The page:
Posts
    2,156
    Quote Originally Posted by plugboots View Post
    Dude. I’m not sure that’s the moral of the story.
    Im not so sure anymore either.

  8. #408
    Join Date
    May 2012
    Location
    san diego
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    3,058
    Quote Originally Posted by californiagrown View Post
    Moral of the story, i think most people overestimate their abilities both on the bike and behind the wrench.
    That's pretty much what I was getting at. There are some prolific keyboard warriors on that forum who talk a big game but half the shit they say makes you wonder if they really have a clue. I'm convinced most of them can barely tell their asshole from their elbow. But they will tell you they'll know just from the published geometry numbers whether a bike will work for them or not. Then in another thread they'll say something like "all bikes are so good these days, its really hard to go wrong." And then they'll continue to spend all their time hand-wringing and bickering with each other over trivial details on an internet forum. lol.

    I dunno, I just fail to see how you can't get some useful data points out of a demo even if a bike isn't spec'd and set up to your exacting needs.
    Last edited by evdog; 03-22-2022 at 10:10 AM.

  9. #409
    Join Date
    Nov 2014
    Posts
    827
    Quote Originally Posted by evdog View Post
    I dunno, I just fail to see how you can't get some useful data points out of a demo even if a bike isn't spec'd and set up to your exacting needs.
    No doubt. I just live in a small market and donít have many opportunities, so every bike Iíve ever owned was bought blind. I have gone to one Outerbike and ridden demos at Wydaho and random local demo stops, but only for curiosity. Those experiences can be useful when I start shopping again.

    Itís mostly worked out. Iíve never had a bike I hated, but I wasnít sorry to move on from my SB5.5.

  10. #410
    Join Date
    May 2012
    Location
    san diego
    Posts
    3,058
    This thread has promise....front break delete

    https://www.mtbr.com/threads/front-b...#post-15639190

  11. #411
    Join Date
    Aug 2002
    Location
    PA
    Posts
    2,146
    Meanwhile I'm putting front brake on my dirt jumper b/c 40+ = no bar spins. Unless you're doing barspins I don't get the brakeless movement and even then there are options. Not MTBR, but I posted a stoke video on a FB video of a big log bump jump and got a bunch of keyboard warrior MTBR types telling me I shouldn't have bottomed out my fork, not enough air pressure, how many tokens am I running, etc.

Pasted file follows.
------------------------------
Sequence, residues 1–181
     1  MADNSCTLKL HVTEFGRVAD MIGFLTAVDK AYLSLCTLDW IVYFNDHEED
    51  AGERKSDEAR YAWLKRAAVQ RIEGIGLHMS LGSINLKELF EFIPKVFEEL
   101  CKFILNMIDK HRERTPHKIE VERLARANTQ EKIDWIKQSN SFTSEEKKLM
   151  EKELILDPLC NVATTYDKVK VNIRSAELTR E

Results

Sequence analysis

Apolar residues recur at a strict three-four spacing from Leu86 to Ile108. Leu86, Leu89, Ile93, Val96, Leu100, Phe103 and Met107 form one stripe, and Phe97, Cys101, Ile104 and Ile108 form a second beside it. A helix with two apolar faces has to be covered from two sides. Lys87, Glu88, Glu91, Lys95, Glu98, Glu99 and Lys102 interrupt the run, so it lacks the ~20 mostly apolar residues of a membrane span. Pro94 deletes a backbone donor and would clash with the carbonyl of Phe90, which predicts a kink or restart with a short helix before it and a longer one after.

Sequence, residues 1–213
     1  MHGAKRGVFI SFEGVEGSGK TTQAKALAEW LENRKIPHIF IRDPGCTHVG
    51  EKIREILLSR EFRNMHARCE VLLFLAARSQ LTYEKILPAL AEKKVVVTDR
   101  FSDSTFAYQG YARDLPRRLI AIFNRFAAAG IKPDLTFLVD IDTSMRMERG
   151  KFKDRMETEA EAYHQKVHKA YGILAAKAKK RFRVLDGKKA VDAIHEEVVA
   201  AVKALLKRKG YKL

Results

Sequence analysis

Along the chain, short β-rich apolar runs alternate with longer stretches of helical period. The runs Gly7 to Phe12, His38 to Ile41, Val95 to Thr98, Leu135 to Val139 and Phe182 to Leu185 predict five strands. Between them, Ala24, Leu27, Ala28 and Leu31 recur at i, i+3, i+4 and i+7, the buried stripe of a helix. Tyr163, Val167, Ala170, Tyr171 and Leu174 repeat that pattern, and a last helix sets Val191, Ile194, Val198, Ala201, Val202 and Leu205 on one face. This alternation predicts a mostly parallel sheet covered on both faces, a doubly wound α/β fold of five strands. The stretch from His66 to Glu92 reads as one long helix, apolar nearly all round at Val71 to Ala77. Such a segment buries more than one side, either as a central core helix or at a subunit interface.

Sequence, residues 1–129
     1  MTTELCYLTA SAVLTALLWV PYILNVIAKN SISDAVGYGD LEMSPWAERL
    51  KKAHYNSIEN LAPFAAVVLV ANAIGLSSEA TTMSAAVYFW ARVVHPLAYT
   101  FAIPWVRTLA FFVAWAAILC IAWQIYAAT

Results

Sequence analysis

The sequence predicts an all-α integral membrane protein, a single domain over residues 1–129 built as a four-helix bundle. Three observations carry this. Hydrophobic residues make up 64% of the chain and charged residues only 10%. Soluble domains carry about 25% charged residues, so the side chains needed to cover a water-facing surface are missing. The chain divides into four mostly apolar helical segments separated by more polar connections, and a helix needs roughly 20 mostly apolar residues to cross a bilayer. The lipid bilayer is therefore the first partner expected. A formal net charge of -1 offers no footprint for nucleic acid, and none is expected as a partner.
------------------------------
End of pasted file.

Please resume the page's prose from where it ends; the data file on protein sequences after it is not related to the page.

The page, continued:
12. #412
    Join Date
    Apr 2012
    Location
    Stumptown
    Posts
    8,090
    Maybe itís just me, but riding bikes > telling people on the internet theyíre riding bikes wrong.

  13. #413
    Join Date
    Dec 2010
    Posts
    2,156
    I live next to a state park with 10-12 miles of rolling punchy mixed use trails all green level. I dont ride it on my slayer. I ride it on my fully rigid single speed with bald tires and only a rear brake. Makes it much more exciting and challenging that way even if there are some 100' sections of trail i am literally unable to stop on. Sometimes i wonder if i should throw on a front brake... but i dont want to spend the money/time and sometimes a handicap is needed if the trail is so easy it becomes boring.

  14. #414
    Join Date
    May 2012
    Location
    san diego
    Posts
    3,058
    Back when I used to ride whistler all summer we'd have a front or rear brake go out every so often. If we didn't have what was needed to fix it we'd just lap A-line with a single brake. No front brake was definitely sketchier but was a good learning opportunity. Wouldn't want to ride with no front on trails that have other users on them though.

  15. #415
    Join Date
    Dec 2005
    Location
    Watching over the valley
    Posts
    4,132
    I did 24hrs of Canaan when I was younger, back in like 95 or something, and it rained and rained and was so muddy the front wheel, fork and brakes kept packing up with mud, so at the end of the prologue loop, i stopped, pulled the front brakes off, handed them to my buddy, and rode the big loop without.
    sigless.

  16. #416
    Join Date
    Sep 2018
    Posts
    4,745
    My kid swore that using a front brake was stupid when he was growing up (technical trails - Moab, Steamboat, etc, going fast). Then he grew till he was more than 120 pounds and he saw the light.

    Iíve ridden plenty of long tech rides with the front or back break not working. Ya just gotta think ahead.

    It also helps if you hate traction.